A little help from his friends Success: Despite the scandal that ousted him from public office, Agnew became prosperous as a broker of international business deals.

September 19, 1996|By Dan Fesperman | Dan Fesperman,SUN STAFF

He fell even faster than he'd risen, which is saying something considering that it took Spiro T. Agnew only two years to leap from Baltimore County executive to the vice presidency of the United States.

But even after revelations of long-term corruption forced his resignation in 1973, Agnew's landing was soft, thanks to a wealthy and worldly supporting cast that began with Frank Sinatra and eventually included such unlikely benefactors as Saddam Hussein.

A life that might easily have become a public misery of disgrace and indebtedness was instead sheltered and comfortable, with Agnew rarely having to travel in circles where his tarnished reputation mattered.

It was a feat he sustained to the very end. Valued mostly for his easy charm and his wealth of worldwide contacts, Agnew succeeded for 23 years in fashioning a livelihood out of his one brush with fame, even as he continued to duck the harsher light of political infamy.

At the time of his death on Tuesday, Agnew was still working as an adviser to business executive Mark McCormack, founder and chief executive of International Management Group, whose clients have included everyone from superstar athletes to the pope.

Back in October 1973, such a life would have been hard to envision. During a 1993 interview, Ron Liebman recalled one of the awkward early moments.

Liebman was one of the three eager assistants to U.S. Attorney for Maryland George Beall who tracked down the long line of cash bribes allegedly paid to Agnew. According to the "bagmen" who delivered them, the payments followed Agnew from the county executive's office in Towson to the governor's office in Annapolis to the vice president's office in the White House.

A few days after Agnew's resignation, Liebman was dining with his wife at Sabatino's in Little Italy when in walked his adversary, the ex-vice president, with his own wife and son in tow.

"He stopped and looked at me, and I didn't know what to do," Liebman said. "I was about to say something like, 'Hello, sir,' but then he just walked on. I guess he was just as surprised to see me as I was to see him."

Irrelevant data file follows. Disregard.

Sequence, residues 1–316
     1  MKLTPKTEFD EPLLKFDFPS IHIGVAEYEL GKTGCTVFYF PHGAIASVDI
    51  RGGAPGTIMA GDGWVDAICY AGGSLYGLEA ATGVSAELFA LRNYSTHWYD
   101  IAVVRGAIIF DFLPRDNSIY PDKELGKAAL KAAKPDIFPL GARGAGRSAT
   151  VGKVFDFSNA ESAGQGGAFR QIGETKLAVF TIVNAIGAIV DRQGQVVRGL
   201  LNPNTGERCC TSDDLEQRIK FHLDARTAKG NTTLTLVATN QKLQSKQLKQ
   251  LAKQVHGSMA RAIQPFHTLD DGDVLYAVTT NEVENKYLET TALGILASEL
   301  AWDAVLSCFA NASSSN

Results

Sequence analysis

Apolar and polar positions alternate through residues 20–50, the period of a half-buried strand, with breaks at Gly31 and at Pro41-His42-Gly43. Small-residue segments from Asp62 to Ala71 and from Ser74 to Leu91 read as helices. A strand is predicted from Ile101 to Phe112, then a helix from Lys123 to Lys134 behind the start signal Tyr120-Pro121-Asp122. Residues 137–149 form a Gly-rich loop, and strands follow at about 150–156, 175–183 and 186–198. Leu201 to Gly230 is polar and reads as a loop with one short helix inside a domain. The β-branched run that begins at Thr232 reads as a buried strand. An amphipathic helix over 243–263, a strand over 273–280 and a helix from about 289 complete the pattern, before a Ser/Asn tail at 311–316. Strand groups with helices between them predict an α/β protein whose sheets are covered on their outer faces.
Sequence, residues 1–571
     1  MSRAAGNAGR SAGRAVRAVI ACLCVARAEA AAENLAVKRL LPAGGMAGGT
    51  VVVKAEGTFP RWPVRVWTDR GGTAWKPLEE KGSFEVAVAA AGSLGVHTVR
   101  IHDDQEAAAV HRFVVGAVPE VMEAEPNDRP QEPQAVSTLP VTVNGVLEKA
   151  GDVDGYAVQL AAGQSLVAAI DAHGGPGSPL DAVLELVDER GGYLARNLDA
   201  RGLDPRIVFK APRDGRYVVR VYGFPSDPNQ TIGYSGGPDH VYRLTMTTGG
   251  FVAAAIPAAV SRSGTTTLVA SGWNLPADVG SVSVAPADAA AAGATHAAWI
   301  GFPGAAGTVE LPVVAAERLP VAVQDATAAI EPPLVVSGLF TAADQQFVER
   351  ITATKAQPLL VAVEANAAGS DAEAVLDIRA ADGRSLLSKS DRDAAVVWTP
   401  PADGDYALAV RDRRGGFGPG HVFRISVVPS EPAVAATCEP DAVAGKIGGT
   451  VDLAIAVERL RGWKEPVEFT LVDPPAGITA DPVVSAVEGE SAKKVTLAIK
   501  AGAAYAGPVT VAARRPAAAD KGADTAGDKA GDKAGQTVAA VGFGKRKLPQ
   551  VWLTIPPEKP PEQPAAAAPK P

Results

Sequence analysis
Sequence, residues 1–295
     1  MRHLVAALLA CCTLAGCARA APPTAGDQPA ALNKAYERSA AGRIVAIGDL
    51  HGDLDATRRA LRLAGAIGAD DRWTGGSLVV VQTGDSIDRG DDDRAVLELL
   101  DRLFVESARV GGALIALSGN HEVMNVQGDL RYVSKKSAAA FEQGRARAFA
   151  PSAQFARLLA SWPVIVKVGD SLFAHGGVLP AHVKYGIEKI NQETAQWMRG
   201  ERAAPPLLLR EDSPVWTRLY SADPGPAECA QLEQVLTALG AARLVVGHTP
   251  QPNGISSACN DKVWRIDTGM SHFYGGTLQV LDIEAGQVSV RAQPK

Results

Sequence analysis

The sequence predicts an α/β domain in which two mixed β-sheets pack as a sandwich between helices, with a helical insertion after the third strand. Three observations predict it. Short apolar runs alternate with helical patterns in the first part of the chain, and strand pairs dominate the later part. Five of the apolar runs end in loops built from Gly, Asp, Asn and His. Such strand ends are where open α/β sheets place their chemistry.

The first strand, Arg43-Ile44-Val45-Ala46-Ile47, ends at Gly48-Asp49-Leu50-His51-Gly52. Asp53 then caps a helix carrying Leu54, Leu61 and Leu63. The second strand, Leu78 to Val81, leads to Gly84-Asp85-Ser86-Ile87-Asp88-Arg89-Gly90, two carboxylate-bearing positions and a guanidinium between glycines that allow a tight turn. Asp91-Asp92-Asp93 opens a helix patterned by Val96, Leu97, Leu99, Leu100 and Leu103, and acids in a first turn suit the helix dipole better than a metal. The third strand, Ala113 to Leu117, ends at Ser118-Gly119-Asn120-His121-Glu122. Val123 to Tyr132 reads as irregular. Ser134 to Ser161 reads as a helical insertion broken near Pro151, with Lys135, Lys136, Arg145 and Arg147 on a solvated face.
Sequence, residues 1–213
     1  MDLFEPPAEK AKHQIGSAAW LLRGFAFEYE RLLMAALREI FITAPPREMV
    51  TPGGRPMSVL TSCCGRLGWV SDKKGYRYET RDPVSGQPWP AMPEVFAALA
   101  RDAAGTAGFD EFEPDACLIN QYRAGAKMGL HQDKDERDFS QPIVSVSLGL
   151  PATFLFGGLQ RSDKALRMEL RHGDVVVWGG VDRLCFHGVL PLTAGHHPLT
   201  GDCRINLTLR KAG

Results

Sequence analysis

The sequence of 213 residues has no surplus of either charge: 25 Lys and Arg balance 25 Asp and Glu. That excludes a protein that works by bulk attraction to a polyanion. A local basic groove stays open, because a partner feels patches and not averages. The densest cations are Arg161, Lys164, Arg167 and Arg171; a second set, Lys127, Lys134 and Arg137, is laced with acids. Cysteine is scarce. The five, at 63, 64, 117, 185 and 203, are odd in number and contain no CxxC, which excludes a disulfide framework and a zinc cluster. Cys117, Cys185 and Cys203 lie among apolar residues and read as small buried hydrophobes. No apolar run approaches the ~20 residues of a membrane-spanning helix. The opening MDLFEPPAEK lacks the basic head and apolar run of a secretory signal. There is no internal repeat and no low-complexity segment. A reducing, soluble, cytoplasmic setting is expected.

It was the sort of scene that might have repeated itself for years, had Agnew not been equipped to deal with drastic changes.

He was jobless, an ex-lawyer facing disbarment, and his debts included legal fees, a big mortgage and a $10,000 fine for tax evasion. Other than his family, about all he had going for him was his friendship with Sinatra and his Rolodex, stuffed with the names of people he'd met during his travels as vice president.

They turned out to be more than enough.

Sinatra started him off with a $200,000 loan. He also encouraged Agnew to write a novel, then touted the idea with publishers, helping Agnew land a $100,000 contract for "The Canfield Decision" -- a thriller about a fictional vice president.

He then found Agnew a business partner -- Frank Jameson, the husband of Eva Gabor, who hired him as an international business consultant for $100,000 a year.

Agnew also had a philosophical attitude to keep him going.

Where his former boss, President Richard M. Nixon, reacted to his own forced resignation by "brooding for the next 10 years," as one confidant of both men recalled, Agnew "decided he had to get on with his life."

Agnew held a cocktail party at his home to begin cultivating clients.

Those were the days of the oil boom in the Middle East, and Agnew's party had a decidedly Middle Eastern flavor, attended by the ambassadors of Saudi Arabia, Kuwait, Lebanon and Jordan, with Indonesia and Singapore represented.

Entertainer Danny Thomas was on hand to speak to guests in Arabic, if they wished, and everyone was invited aboard Jameson's corporate jet to fly to Las Vegas two days later for Sinatra concert at Caesar's Palace.

When the Jameson arrangement fell apart, Sinatra again played matchmaker, at a party he held for Jack Benny's 80th birthday. The new partner was Walter Dilbeck, an Indiana tycoon, and in April 1974 diplomatic cables announced to U.S. embassies in the Middle East that a new businessman who just happened to be a former vice president was headed their way.

With petro-dollars in abundance, it was an era of many such journeys, as one former diplomat recalled.

"Everybody was there trying to make a buck," recalled Duane Butcher, who was then an economic officer to the U.S. Embassy in Saudi Arabia.

"All the hotels were full. People were sleeping on pool tables and sometimes paying $100 to do it. I remember finding the former governor of Oklahoma in the lobby of the Embassy one day, and he was under indictment at the time."

Notoriety didn't matter, as long as you had connections, could schmooze a little, and could keep a deal a secret. Agnew met all three conditions.

"That personal touch is crucial in most anyplace, but especially in the Middle East," said Dennis Murphy, another U.S. diplomat in Saudi Arabia at the time.

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